This Years Florida Legislature…………what’s on their plate.
BUDGET: Scott has proposed an $87.4 billion spending plan for the fiscal year that starts July 1. The proposal includes politically popular ideas such as boosting education funding and providing tax cuts. But the proposal is only a starting point for lawmakers, who are expected to face a tight budget. A September analysis estimated a slim $52 million surplus for the coming year —- and that did not account for the state’s costs from Hurricane Irma.
ENVIRONMENT: Eyeing money from a 2014 constitutional amendment about land and water conservation, lawmakers will consider a series of proposals that could shield property from development and restore waterways. For example, Senate budget chief Rob Bradley, R-Fleming Island, has proposed spending $100 million a year on the Florida Forever program and wants to set aside $50 million a year for the restoration of the St. Johns River, its tributaries and the Keystone Heights lake region in North Florida.
HEALTH CARE: House Republican leaders likely will renew a push to ease health-care regulations, an effort they say would help increase access to care and lower costs. Examples include eliminating the “certificate of need” approval process for hospital building projects and ending a restriction on patients staying overnight at ambulatory surgical centers. Such proposals, however, have died in recent years in the Senate amid opposition from parts of the hospital industry.
HIGHER EDUCATION: Senate President Joe Negron, R-Stuart, has made a top priority of revamping the higher-education system and will continue seeking changes during his final term. Senators are expected to quickly approve a bill that would make permanent an expansion of Bright Futures scholarships and take steps to further bolster need-based aid. Negron also wants changes such as holding universities to a four-year graduation standard in performance funding.
HURRICANE IRMA: When Hurricane Irma smashed into Florida on Sept. 10, it reset priorities for the 2018 legislative session. Lawmakers are considering dozens of ideas for responding to Irma and preparing for future storms. For instance, they are looking at possibly providing financial help to the agriculture industry, which took at least a $2.5 billion hit in Irma. They also will grapple with Scott’s push to require long-term care facilities to have generators and fuel to keep buildings cool when electricity goes out.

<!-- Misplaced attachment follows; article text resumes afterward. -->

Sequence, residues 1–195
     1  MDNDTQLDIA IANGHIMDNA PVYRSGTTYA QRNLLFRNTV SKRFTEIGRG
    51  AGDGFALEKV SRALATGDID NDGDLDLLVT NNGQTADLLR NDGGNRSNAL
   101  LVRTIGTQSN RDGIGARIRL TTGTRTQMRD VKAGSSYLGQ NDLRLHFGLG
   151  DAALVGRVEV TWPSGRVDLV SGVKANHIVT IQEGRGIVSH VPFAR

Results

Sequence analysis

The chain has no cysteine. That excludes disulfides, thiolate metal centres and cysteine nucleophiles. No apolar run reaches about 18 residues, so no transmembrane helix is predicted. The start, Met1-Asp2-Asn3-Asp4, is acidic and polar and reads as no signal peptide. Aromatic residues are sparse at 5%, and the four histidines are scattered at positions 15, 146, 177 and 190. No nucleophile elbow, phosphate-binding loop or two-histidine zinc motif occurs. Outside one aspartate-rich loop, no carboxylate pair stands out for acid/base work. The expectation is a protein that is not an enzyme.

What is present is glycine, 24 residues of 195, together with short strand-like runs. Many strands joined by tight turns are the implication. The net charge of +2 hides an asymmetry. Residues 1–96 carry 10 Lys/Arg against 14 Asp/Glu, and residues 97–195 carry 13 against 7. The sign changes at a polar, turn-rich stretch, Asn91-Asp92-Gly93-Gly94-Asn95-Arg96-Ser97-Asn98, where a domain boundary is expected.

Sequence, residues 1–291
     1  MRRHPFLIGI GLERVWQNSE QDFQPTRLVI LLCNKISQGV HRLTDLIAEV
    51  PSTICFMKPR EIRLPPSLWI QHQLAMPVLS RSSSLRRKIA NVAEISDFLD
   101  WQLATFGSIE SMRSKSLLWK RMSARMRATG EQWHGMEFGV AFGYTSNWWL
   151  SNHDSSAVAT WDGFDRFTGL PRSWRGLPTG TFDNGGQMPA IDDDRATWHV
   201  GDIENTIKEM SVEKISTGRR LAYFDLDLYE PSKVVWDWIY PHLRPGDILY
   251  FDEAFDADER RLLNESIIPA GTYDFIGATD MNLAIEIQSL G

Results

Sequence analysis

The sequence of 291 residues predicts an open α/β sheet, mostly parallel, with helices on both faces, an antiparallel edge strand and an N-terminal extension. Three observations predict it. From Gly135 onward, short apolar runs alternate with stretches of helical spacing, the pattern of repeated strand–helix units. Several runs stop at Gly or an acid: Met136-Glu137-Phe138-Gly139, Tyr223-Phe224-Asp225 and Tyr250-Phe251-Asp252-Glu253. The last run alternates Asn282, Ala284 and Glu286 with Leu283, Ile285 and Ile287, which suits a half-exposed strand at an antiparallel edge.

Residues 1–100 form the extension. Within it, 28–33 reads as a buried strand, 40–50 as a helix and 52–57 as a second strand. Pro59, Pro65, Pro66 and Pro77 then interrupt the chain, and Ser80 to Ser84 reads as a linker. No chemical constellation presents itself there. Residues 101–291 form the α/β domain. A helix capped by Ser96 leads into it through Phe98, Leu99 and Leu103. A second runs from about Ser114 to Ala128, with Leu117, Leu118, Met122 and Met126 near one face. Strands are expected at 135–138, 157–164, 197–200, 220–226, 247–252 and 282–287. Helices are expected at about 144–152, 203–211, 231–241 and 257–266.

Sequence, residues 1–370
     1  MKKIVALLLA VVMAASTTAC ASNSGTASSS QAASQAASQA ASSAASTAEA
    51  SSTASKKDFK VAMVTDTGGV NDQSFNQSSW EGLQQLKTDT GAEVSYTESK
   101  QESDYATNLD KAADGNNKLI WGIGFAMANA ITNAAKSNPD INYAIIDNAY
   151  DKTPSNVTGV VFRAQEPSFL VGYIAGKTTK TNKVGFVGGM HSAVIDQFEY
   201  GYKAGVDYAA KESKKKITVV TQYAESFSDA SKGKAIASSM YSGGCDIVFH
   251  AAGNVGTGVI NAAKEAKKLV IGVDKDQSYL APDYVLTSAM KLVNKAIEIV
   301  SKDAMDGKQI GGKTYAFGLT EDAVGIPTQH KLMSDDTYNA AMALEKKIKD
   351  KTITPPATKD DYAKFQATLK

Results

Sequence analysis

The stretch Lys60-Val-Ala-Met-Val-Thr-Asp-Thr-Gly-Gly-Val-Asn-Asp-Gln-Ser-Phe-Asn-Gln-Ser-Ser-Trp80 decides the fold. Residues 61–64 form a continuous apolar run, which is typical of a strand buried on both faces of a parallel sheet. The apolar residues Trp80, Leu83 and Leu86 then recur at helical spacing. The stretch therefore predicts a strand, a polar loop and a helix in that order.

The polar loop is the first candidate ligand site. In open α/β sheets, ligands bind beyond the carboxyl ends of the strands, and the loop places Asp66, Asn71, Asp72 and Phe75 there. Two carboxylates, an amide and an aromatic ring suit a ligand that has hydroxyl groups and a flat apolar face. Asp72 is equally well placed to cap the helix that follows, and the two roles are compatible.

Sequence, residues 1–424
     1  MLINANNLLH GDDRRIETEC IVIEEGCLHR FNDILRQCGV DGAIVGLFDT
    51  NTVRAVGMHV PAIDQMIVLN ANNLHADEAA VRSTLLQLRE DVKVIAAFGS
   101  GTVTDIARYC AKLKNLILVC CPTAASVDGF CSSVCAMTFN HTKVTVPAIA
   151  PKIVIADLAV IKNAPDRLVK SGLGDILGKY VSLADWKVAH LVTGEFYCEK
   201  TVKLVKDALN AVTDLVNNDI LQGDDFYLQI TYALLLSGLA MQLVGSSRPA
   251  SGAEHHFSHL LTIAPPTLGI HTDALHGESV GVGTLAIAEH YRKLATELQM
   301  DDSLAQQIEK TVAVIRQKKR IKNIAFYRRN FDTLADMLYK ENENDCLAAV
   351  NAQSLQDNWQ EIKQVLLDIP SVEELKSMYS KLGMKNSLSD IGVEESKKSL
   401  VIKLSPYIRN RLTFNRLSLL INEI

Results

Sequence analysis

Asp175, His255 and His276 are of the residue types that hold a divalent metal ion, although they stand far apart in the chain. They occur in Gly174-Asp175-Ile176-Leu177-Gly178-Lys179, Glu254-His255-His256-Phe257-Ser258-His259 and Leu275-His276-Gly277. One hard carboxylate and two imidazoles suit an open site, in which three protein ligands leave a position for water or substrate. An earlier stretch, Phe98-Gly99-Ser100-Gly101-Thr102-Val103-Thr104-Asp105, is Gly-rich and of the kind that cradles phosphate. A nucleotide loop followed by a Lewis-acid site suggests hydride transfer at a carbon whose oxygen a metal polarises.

INSURANCE: Insurance lobbyists will try to persuade lawmakers to revamp laws dealing with a controversial practice known as “assignment of benefits,” which the industry blames for increased property-insurance costs. The practice involves policyholders signing over benefits to contractors, who then pursue payment from insurers —- often leading to disputes and lawsuits. Lawmakers also will consider renewed proposals to eliminate the state’s no-fault auto insurance system.
K-12 EDUCATION: House Speaker Richard Corcoran, R-Land O’ Lakes, has made clear he wants to continue expanding school-choice programs, which draw opposition from Democrats and many public-school officials. The House has started moving forward with a bill that would offer voucher-like scholarships to students who are bullied in public schools. Meanwhile, the House and Senate face a key budget disagreement on the use of increased property-tax revenues in funding public schools.
OPIOID EPIDEMIC: With overdoses skyrocketing and families being torn apart, lawmakers will look for ways to address the state’s opioid epidemic. Scott wants to spend $53 million to address the issue, with much of the money going to substance-abuse treatment. Scott and lawmakers also could place limits on initial opioid prescriptions that doctors write for patients. The idea is to prevent patients from getting hooked on prescription painkillers and then moving onto potentially deadly street drugs.